San Francisco Bay Area filmmaker Max Good (assistant producer, THE MOST DANGEROUS MAN IN AMERICA: DANIEL ELLSBERG AND THE PENTAGON PAPERS) takes a distinctly different look at street art in his feature documentary directorial debut, focusing on anti-graffiti activists.

In VIGILANTE VIGILANTE, Good and producer Nate Wollman track down four men who have made it their missions to clean up their cities from graffiti in its various forms – artwork, tags, stickers, and posters – usually by painting over it. As a result, they’ve started to become condemned not only by graffiti artists whose work they destroy, but also by authorities and other critics who note that the anti-graffiti vigilantes are themselves engaging in the same behavior of their sworn nemeses. In 2008, Good noticed a particular back-and-forth battle being waged between one subject, known as “the Silver Buff” or “Buffman” (“buffing” is the term used to describe removing or painting over the street art), and graffiti artists in Berkeley and set out to get the story.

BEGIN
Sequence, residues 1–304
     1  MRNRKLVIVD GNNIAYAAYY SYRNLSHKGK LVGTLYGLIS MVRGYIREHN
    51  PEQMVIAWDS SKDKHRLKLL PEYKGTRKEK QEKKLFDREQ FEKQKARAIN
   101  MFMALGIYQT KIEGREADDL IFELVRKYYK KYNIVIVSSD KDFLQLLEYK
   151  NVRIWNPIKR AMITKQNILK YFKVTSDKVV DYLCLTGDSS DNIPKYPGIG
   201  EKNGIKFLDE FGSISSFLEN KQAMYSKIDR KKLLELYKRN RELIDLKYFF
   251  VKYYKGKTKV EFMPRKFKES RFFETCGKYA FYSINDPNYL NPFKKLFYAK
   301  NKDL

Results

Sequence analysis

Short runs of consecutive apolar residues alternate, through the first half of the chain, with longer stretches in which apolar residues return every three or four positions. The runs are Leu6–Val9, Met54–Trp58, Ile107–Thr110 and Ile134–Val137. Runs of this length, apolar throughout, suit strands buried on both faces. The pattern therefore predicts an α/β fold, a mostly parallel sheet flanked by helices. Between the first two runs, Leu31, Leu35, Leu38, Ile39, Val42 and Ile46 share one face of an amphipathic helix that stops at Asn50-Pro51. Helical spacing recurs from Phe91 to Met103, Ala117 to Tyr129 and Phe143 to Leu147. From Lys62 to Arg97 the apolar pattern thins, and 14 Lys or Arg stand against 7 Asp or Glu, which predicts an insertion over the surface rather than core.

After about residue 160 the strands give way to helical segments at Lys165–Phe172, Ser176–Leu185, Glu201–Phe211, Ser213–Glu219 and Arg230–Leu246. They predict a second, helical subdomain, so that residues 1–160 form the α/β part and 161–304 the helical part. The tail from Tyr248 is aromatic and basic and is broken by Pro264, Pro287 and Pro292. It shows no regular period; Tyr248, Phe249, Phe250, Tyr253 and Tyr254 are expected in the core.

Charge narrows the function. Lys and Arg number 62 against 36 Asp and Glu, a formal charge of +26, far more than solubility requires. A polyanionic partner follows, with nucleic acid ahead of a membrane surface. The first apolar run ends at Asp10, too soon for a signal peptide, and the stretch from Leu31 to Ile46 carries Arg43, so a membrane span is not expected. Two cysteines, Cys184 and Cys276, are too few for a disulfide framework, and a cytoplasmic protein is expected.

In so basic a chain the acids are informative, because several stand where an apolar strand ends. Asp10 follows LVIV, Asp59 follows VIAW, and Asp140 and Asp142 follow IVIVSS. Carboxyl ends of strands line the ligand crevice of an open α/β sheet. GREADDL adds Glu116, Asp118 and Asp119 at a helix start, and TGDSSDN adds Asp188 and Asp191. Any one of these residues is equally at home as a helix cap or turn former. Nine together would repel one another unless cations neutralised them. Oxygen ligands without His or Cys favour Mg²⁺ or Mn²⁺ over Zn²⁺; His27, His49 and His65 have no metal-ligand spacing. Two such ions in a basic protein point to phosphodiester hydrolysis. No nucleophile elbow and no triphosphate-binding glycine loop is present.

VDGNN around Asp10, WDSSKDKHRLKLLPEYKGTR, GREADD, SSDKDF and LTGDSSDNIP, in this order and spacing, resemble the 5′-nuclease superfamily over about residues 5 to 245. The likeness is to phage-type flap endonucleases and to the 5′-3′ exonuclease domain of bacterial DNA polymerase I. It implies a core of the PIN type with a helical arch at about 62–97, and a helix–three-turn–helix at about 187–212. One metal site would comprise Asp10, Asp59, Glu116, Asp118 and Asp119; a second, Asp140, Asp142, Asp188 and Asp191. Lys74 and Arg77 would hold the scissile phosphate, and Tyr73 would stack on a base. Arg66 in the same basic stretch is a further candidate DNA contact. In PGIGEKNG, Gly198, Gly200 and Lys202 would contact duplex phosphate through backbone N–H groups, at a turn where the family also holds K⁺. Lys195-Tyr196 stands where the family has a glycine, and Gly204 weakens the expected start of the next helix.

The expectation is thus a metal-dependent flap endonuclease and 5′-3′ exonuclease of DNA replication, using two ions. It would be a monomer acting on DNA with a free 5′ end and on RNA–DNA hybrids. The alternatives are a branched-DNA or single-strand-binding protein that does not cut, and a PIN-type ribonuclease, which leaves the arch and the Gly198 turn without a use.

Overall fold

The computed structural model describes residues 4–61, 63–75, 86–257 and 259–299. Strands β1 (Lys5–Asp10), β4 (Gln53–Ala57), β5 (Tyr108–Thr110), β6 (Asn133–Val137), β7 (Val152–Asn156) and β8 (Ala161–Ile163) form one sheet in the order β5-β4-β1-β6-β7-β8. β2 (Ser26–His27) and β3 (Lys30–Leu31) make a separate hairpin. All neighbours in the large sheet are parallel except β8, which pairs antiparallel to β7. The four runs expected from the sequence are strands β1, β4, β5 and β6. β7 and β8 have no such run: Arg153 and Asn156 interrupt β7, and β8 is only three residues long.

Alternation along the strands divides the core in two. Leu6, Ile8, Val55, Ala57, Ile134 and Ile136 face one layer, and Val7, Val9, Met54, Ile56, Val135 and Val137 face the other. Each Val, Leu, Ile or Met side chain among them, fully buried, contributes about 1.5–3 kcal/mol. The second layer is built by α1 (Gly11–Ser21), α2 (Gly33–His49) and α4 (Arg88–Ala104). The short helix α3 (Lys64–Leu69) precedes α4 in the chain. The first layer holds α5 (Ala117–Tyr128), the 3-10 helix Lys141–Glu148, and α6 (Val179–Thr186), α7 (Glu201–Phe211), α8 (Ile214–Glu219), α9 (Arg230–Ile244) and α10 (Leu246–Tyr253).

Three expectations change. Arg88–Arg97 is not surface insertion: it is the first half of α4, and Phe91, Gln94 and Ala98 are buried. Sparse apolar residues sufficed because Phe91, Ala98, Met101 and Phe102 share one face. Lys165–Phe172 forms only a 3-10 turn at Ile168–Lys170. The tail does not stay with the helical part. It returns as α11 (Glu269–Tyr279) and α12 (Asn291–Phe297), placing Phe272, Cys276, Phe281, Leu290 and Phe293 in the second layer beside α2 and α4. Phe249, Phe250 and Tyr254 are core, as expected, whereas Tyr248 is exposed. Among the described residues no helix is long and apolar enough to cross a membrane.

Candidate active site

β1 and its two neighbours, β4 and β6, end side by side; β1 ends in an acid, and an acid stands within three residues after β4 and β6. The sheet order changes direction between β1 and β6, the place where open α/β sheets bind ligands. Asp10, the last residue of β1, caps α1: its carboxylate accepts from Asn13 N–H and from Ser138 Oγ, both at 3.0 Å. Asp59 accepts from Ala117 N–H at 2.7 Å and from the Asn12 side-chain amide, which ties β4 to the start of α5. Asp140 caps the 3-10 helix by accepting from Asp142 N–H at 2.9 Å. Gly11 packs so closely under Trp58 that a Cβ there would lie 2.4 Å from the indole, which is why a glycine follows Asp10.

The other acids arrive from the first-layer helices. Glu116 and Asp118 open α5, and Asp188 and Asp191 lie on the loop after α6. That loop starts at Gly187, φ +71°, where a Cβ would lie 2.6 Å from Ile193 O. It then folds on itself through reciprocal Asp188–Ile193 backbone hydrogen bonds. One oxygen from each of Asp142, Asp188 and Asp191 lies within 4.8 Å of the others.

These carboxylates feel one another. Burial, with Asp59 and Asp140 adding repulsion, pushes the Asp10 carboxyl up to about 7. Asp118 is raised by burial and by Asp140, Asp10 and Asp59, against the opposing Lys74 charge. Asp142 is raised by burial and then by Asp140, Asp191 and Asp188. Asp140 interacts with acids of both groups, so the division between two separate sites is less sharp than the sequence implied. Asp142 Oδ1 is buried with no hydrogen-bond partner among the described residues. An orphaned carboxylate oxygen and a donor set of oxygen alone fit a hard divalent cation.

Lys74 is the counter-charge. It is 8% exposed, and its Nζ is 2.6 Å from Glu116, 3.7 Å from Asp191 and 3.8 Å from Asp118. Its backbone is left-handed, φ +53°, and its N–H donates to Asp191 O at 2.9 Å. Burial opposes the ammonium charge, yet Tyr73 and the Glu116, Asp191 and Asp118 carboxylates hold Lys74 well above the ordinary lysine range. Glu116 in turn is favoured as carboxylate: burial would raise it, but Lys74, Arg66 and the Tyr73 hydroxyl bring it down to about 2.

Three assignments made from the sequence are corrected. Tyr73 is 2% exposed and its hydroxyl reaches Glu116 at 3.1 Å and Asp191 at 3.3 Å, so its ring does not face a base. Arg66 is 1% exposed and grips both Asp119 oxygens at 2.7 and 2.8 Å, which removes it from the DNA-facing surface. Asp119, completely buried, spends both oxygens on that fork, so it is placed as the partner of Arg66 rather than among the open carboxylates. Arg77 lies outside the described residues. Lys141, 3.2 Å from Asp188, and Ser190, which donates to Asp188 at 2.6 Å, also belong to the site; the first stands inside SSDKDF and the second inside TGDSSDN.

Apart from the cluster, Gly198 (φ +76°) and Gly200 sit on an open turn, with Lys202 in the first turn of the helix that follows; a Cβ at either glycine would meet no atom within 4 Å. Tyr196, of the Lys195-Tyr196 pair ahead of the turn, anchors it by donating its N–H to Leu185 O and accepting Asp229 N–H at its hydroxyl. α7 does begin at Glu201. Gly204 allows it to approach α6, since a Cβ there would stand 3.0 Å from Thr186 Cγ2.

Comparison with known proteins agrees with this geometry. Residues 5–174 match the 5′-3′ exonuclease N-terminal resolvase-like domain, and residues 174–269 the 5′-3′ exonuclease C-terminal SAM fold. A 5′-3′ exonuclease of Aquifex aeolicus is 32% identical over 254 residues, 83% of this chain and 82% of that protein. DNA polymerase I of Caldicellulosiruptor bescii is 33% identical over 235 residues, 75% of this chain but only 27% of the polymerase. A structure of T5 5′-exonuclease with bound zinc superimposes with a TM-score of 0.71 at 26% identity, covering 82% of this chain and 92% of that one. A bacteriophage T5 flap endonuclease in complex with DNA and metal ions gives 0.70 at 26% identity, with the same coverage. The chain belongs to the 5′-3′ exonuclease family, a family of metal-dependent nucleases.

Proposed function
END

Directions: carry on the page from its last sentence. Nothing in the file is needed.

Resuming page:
The filmmakers will conclude a Kickstarter campaign for post-production funding assistance in just over two weeks. At the time of this writing they have raised nearly a third of their $8000 goal, so they still will happily welcome contributions.

The film has a website and a Facebook page where fans can keep updated on the project’s progress.

In recent years, there have been a number of documentaries about graffiti/street art, notably BOMB IT, ROADSWORTH: CROSSING THE LINE, and EXIT THROUGH THE GIFT SHOP. What interests me about VIGILANTE VIGILANTE is its presentation of the POVs of not just people who view graffiti as vandalism, but of people who are so incensed by what they perceive as blight that they are moved to actively combat it. The fact that their own behavior then puts them outside of the law makes it even more intriguing. The debate around whether graffiti is or isn’t a valid form of artistic expression takes on an added layer through their actions: Does a third party have the right to intervene if the police or the owners of the so-called vandalized property choose to do nothing? How does one deal with being called a law breaker when he is actually trying to enforce the law as a private citizen?

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Filed under Documentary, Film, In the Works

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